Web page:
A Giant Along the River Bank: Our Mighty Sycamore

Safe in the harbour of home at last
I’ll tell the tale of my dangers past.
O! for my cottage beside the sea,
And the peaceful shade of my sycamore tree!

From The Sycamore Tree by Charles Mackay

The first time I really noticed the American sycamore tree was during my first paddle on the Quinebaug River. It was late March or early April, and except for a few early blooms of red maple and willow, most of the deciduous trees within view resembled exposed skeletons — the promise of green life still captive in unopened flower and leaf buds.

The swift flow of the Quinebaug pulled my kayak along at a steady clip and my attention was fixed on the rocks, eddies and strainers (downed trees) that protruded dangerously over the river bank. My focus was to stay afloat and avoid an unplanned swim in the chilly waters of early spring.

But I kept noticing huge trees with strange, mottled bark looming above the river. I tried to remember the name of the tree and was distracted from my task of safely maneuvering my kayak. It wasn’t until I entered a wider, slower-flowing section of the river that I was able to look more closely at one of the trees.

The trunk was a massive 3 to 4 feet in diameter and it spread to the sky a good 80 to 100 feet above the water. From the branches hung perfect one-inch diameter, round balls on long twig tethers. It was as if Mother Nature had decorated the tree with perfect brown ornaments but had forgotten to put them away after the holidays.

As we floated past yet another giant tree with mottled bark and little hanging ornaments, I called out to my paddle companion if he knew the variety. He hollered back, “sycamore – American sycamore.” I told him later that perhaps the river should have been named the Sycamore River since there are so many along its banks.

Since then I seem to notice the American sycamore tree more and more, especially along our region’s streams and rivers. Here is information quoted directly from the handy tree identification guide, Forest Trees of Southern New England, provided by the Connecticut Forest and Park Association:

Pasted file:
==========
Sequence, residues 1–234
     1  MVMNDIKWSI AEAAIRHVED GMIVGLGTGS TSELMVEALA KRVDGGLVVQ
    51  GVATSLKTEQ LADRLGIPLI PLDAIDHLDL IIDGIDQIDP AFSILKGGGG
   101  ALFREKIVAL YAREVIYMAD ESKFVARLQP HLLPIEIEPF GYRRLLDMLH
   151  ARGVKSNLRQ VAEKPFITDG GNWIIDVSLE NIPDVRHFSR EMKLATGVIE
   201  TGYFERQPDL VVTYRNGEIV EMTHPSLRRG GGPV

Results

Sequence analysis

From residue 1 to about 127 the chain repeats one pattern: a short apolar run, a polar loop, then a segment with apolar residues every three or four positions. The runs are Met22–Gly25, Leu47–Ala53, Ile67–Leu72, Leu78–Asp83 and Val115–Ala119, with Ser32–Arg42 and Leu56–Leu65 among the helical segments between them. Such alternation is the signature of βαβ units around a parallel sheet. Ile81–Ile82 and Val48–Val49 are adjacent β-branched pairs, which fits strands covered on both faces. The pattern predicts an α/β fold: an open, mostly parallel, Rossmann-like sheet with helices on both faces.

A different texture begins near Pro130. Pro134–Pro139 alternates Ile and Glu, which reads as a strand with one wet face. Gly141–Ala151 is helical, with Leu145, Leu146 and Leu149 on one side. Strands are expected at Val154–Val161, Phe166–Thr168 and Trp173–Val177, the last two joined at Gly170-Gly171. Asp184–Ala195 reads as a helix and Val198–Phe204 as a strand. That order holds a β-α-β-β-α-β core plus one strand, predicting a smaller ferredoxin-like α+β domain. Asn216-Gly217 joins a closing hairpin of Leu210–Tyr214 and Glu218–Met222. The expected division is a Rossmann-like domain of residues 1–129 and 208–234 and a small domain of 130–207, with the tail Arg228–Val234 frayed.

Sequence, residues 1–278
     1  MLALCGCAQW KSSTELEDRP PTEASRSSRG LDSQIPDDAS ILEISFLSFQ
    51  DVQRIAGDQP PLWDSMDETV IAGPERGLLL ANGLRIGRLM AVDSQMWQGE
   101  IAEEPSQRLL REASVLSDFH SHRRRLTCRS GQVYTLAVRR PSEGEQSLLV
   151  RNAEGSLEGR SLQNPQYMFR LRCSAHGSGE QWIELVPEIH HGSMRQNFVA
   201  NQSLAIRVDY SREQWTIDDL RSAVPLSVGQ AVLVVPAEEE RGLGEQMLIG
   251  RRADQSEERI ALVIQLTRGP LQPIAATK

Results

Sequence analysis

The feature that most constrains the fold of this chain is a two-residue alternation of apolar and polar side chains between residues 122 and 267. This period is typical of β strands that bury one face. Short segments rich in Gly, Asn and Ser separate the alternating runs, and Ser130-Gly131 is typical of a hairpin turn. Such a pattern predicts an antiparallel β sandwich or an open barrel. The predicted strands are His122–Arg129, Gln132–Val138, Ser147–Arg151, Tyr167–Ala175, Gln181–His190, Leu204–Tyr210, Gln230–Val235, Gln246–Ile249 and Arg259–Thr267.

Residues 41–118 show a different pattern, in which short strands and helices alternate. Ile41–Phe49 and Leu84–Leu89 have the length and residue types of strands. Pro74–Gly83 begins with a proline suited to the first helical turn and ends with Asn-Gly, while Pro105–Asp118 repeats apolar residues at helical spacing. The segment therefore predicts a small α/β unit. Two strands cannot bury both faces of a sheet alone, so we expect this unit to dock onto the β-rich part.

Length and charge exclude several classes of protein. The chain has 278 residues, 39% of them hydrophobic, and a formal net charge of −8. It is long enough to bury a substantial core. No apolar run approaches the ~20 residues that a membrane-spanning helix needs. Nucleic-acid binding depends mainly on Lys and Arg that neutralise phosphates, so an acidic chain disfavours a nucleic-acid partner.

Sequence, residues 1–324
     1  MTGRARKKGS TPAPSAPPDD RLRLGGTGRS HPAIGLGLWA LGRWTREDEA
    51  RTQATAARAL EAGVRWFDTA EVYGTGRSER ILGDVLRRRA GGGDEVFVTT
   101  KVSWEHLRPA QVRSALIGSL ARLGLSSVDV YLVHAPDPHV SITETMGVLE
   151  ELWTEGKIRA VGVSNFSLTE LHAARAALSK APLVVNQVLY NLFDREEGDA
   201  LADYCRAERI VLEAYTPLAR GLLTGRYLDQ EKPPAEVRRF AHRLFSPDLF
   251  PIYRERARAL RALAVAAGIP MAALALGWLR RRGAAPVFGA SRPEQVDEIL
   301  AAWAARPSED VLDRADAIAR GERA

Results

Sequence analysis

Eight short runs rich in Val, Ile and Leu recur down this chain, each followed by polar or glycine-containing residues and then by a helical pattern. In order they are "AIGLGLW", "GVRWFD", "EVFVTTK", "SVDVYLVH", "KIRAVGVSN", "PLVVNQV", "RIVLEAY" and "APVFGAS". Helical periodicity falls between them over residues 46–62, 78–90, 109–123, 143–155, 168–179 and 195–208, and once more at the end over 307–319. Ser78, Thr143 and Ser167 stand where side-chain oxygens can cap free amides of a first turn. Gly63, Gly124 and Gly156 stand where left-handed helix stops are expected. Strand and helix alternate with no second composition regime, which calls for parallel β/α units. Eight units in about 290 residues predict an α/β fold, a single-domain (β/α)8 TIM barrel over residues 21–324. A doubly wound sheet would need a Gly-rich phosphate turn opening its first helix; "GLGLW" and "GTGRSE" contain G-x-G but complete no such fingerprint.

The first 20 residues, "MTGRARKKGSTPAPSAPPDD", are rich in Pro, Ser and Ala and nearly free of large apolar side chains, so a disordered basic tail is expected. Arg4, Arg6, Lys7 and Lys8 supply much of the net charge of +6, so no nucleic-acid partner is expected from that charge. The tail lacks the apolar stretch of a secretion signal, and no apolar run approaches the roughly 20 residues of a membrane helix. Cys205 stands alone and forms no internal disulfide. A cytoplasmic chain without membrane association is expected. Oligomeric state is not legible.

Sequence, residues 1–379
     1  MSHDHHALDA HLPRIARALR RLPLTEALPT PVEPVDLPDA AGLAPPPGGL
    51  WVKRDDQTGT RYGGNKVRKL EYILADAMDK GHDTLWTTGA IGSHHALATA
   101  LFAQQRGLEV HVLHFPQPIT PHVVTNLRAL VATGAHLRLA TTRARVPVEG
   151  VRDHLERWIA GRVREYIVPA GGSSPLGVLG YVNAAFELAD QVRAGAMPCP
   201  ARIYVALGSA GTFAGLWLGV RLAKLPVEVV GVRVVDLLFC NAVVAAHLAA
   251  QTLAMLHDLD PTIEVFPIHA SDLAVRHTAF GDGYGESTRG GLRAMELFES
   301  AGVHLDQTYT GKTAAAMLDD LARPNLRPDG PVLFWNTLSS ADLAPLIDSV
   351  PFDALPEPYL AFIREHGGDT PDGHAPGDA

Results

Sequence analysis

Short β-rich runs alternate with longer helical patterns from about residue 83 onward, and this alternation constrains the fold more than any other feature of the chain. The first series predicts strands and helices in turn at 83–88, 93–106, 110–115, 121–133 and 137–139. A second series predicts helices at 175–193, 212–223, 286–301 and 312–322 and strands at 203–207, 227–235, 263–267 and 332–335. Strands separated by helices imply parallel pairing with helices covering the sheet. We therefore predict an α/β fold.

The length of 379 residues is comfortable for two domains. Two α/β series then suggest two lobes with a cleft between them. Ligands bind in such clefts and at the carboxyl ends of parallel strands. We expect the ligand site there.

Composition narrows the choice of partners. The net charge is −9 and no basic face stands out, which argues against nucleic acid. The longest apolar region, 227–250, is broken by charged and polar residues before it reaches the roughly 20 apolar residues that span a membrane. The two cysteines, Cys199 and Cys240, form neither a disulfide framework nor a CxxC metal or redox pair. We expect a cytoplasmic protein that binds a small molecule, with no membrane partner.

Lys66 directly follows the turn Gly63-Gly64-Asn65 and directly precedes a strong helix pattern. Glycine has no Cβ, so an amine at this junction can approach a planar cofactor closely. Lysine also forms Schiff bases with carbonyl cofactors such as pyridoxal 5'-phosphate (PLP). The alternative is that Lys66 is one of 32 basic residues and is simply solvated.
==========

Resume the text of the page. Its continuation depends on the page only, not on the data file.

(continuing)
The American Sycamore, also called Buttonwood, is considered the largest hardwood tree in North America. It occurs throughout this region, but is most common and reaches its largest size along streams on rich bottomlands. It is one of the most rapid-growing trees. It often forks into several large secondary trunks, and the massive spreading limbs form an open head sometimes 100 feet across.

The bark of the Sycamore is a characteristic feature. On the younger trunk and large limbs it is very smooth, greenish-gray in color. The outer bark yearly flakes off in large patches and exposes the neatly white younger bark. Near the base of old trees the bark becomes thick, dark brown and divided by deep furrows.

The leaves are simple, alternate, four to seven inches long and about as broad, light green and smooth above and paler below. The base of the leafstalk is hollow and in falling off exposes the Winter bud.

The fruit is a ball about an inch in diameter, conspicuous throughout the Winter as it hangs on its flexible stem, which is three to five inches long. During early Spring the fruit ball breaks up, and small seeds are widely scattered by the wind.

The wood is hard and, moderately strong, but decays rapidly in the ground. It is used for butcher’s blocks, furniture and interior finish.

If you see a sycamore tree, the one thing you will notice right away (along with its great height) is the mottled color due to the flaking bark exposing patches of brown, green and gray.

The hue is almost a camouflage color favored by hunters and the military for concealment, but today seems all the rage with various types of clothing. Instead of hiding the tree among many in the forest, the color seems to jump out as if to exclaim, “here I am, a magnificent sycamore!”

Sometimes I wish I had a sycamore tree on my property. I would make time each spring to sit in its deep shade, examine the wood up close, and pry open the dropped seed balls to reveal the seeds hidden within. Unfortunately our land is too dry, boney, and free of surface moisture favored by tree species like the sycamore that prefer “wet feet.”

My enjoyment of the noble sycamore will continue to be fulfilled during paddles on one of our many rivers. Maybe someday I’ll discover a quiet spot along the river with an overarching majestic sycamore. I’ll pull my kayak towards the river shore and sit a while in its shade.

We have countless reasons to be thankful we live in this beautiful place called The Last Green Valley. I hope you’ll join me as we enjoy the flora and fauna that makes this region so very special.

Bill Reid is the Chief Ranger of The Last Green Valley National Heritage Corridor and has lived in the region for more than 30 years. He can be reached at bill@tlgv.org